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Wittenborg University offers degrees to students from emerging economic countries

4 September 2013, 13:06

A new report published by the British Ministry of Education suggests that the need for international education is on the rise. An immense opportunity is becoming available to countries that are able to provide study programmes to students from the emerging economic powers such as Brazil, Russia, India, China, Mexico, Saudi-Arabia, and Indonesia.

Graduation at Wittenborg University of Applied SciencesA new report published by the British Ministry of Education suggests that the need for international education is on the rise. An immense opportunity is becoming available to countries that are able to provide study programmes to students from the BRIC countries (Brazil, Russia, India, China), and from Mexico, Saudi-Arabia, and Indonesia.

Education was the second largest sector worldwide, after health care, according to the report. There were approximately 178 million students enrolled in post-secondary education in 2010, showing a high increase from the 33 million enrolled in 1970. This growth is in large part due to emerging economies in countries like China and India where the demand for higher education is growing at an astronomical rate.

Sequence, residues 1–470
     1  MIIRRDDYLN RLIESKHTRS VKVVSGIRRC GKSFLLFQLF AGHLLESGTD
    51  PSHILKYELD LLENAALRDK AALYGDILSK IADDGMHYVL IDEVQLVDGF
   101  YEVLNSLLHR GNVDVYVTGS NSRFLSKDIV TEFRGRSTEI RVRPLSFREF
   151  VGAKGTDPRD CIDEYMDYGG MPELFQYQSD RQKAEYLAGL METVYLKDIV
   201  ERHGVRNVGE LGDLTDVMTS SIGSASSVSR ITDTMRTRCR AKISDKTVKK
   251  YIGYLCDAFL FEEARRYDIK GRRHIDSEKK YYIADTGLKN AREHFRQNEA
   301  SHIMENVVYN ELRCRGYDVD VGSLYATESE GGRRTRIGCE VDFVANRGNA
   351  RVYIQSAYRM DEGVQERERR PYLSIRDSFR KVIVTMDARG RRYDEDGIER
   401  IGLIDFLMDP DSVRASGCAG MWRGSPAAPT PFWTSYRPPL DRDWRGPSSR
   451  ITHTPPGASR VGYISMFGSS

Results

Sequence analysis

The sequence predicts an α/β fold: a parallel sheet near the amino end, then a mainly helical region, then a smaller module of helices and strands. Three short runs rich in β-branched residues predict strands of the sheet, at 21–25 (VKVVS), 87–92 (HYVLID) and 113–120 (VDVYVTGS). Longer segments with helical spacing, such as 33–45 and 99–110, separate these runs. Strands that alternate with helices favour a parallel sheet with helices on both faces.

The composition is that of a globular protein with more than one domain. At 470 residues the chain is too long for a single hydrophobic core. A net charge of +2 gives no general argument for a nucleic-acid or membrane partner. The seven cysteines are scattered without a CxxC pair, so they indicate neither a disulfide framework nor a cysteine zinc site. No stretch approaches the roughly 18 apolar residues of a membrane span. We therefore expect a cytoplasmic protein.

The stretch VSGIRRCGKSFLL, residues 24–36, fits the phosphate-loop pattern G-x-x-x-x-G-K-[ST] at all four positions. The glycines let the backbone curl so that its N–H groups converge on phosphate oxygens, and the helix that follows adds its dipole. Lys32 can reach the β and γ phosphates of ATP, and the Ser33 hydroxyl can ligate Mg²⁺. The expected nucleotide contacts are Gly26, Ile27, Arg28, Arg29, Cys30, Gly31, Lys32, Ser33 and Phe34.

While these countries will make changes to their own educational systems in order to meet demand, they will also be sending a big portion of their students to get degrees abroad. This is evident in cases such as Brazil where €1.4 billion have been invested into a programme called Science Without Borders, designed to send 100,000 students to study abroad for a year. The countries that will be able to adapt to these new students and adjust their education to meet their needs will be able to succeed in this growing market.

Wittenborg Graduation CeremonyWittenborg University wants to take advantage of this opportunity by offering Dutch accredited programmes to international students, as well as joint programmes in cooperation with the University of Brighton, one of its many partners.These joint programmes include a Master’s degree (MSc) in International Event Managements, International Tourism Management, and International Hospitality Management.

Wittenborg received Brazilian students as part of the Science Without Borders programme, as did 24 other Dutch institutions. Countries such as the Netherlands, the UK, and France have recognised that they must be able to attract international students and have started to make adjustments to do so.

One of the main adjustments made in Holland has been the adoption of the Modern Migration Policy, making it easier for international students to come to study in the country.

Future changes are also being discussed within the Dutch government to further encourage talented international students to remain in the Netherlands and contribute to the Dutch economy.

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